{31} Finally, we are concerned that the adoption of the private attorney general doctrine advocated by Plaintiffs would erode the policies underlying the American rule and move New Mexico courts in the direction of the English system of awarding attorney fees. We decline to adopt a new rule that moves New Mexico courts in this direction. See Dunleavy, 116 N.M. at 363, 862 P.2d at 1222. Unbridled judicial authority to "pick and choose" which plaintiffs and causes of action merit an award of attorney fees under the private attorney general doctrine would not promote equal access to the courts for the resolution of good faith disputes inasmuch as it lacks sufficient guidelines to prevent courts from treating similarly situated parties differently and could easily result in decisions that favor a particular class of private litigants while unduly discouraging the government from mounting a good faith defense. Such authority also would not promote the goal of conserving judicial resources inasmuch as it calls for the courts to engage in a fact-specific reexamination of the merits of a case to determine the significance and scope of the rights that have been protected. For these reasons, we conclude that a private attorney general doctrine resting solely on the Court's inherent or equitable powers does not warrant a place in New Mexico law at this time. See Blue Sky Advocates, 727 P.2d at 649; City of Seattle, 931 P.2d at 161.


{32} The final issue we address is the question of costs on appeal. Although appellees who incur allowable costs on appeal may recover those costs if they are the prevailing parties, see Rule 12-403(A) NMRA 1999; Atma v. Munoz, 48 N.M. 114, 121, 146 P.2d 631, 635 (1944), it is generally the appellant who incurs allowable costs on appeal under the Rules of Appellate Procedure. See Rule 12-208(G) NMRA 1999 (requiring a docket fee to accompany the filing of a docketing statement in the Court of Appeals or a statement of the issues in the Supreme Court unless the docket fee had already been paid or free process had been granted on appeal); Rule 12-209(B) NMRA 1999 (requiring the appellant to pay for the record proper within ten days of the filing of the docketing statement); Rule 12-211(B)(2) NMRA 1999 (requiring the appellant to make satisfactory arrangements for payment of the cost of duplicating taped transcripts); Rule 12-211(C)(2) (requiring a party designating a portion of a stenographic transcript of proceedings to make satisfactory arrangements for payment of those portions of the transcript). The question of costs on appeal is more complicated in this case, however, because it involves both an appeal and a cross-appeal, and because the parties have not addressed this question in their briefs.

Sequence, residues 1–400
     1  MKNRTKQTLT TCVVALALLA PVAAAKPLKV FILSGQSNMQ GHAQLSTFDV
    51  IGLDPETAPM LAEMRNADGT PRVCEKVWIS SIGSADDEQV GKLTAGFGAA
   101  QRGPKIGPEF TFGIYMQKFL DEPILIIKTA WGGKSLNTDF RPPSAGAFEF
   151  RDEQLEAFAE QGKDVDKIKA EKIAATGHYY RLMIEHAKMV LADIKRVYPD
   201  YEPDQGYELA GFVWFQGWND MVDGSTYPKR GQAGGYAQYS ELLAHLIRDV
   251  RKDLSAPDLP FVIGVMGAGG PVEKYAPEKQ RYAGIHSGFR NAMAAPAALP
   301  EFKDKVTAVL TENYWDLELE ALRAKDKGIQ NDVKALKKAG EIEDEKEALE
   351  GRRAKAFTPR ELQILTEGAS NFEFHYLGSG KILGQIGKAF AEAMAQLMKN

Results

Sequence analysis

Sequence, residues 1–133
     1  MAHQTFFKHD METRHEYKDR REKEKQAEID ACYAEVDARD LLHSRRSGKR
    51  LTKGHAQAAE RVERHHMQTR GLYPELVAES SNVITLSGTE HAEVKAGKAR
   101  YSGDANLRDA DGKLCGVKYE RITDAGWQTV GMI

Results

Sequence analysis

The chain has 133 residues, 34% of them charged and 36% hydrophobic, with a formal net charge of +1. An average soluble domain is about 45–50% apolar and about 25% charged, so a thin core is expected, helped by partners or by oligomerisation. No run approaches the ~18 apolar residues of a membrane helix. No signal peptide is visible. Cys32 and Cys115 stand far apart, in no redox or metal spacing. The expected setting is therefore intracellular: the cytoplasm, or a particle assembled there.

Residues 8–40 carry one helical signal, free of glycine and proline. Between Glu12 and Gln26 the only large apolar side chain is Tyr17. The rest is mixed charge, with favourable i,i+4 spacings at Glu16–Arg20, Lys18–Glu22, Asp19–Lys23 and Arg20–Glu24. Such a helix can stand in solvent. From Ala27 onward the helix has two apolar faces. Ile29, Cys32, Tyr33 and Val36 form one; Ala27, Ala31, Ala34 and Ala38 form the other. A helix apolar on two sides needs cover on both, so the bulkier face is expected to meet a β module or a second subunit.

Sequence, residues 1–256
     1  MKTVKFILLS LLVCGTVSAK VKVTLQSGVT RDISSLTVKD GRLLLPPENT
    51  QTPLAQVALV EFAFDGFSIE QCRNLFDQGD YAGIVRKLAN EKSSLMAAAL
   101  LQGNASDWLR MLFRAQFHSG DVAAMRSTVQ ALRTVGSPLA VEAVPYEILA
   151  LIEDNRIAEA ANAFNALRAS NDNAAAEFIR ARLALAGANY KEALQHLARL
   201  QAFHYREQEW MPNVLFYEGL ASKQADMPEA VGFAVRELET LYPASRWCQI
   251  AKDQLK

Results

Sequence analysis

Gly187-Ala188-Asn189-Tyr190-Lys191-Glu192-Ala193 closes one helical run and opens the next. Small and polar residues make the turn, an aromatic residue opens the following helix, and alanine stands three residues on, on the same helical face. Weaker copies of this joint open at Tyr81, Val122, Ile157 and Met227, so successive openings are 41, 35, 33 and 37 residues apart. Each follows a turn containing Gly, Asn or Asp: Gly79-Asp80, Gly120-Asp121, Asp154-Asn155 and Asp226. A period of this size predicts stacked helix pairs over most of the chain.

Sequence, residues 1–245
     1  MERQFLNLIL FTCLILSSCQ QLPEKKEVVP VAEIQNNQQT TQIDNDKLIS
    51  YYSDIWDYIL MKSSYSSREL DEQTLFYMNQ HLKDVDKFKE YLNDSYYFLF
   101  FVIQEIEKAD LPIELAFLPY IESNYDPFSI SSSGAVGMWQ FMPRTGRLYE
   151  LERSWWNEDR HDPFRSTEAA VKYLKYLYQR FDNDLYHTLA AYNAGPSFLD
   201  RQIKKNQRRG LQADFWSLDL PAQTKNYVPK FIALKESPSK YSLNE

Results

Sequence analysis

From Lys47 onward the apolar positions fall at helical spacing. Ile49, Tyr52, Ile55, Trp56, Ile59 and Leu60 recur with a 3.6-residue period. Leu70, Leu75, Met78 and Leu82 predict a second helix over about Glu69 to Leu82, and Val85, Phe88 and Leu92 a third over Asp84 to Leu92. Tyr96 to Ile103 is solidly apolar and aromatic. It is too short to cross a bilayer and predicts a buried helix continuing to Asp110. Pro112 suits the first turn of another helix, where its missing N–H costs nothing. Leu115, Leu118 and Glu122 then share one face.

{33} In their Motion for Assessment of Costs on Appeal, Plaintiffs claim that they split the cost of preparing transcripts with the Department and consequently incurred costs of $507.80. They do not allege that they incurred costs for a separate transcript in their cross-appeal. In the absence of any valid argument to the contrary in Plaintiffs' motion or the parties' briefs, the Court exercises its discretion to apportion costs "in such manner as it may direct." Rule 12-403(A). In this case, we construe the parties' agreement to split costs to mean that the allowable costs incurred by the Department relate to its appeal on the merits, and the allowable costs incurred by Plaintiffs relate to their cross-appeal on the issues of intervention and attorney fees. Thus, we conclude that Plaintiffs did not incur allowable costs as an appellee in the Department's appeal. We also conclude that neither party is entitled to recover allowable costs relating to Plaintiffs' cross-appeal because the Court *460 ruled in favor of each party on one issue in that cross-appeal. Thus, there is no prevailing party entitled to an award of costs under Rule 12-403(A), and we decline to make such an award in either the Department's appeal or Plaintiffs' cross-appeal.


{34} For the foregoing reasons, we decline to adopt the private attorney general doctrine advocated by Plaintiffs in this case. We conclude that the district court did not err in declining to award attorney fees and we affirm the district court's decision. We also decline to award any costs on appeal. We therefore deny Plaintiffs' Motion to Assess Costs.


BACA, Justice, FRANCHINI, Justice and ARMIJO, Judge, New Mexico Court of Appeals (sitting by designation), concur.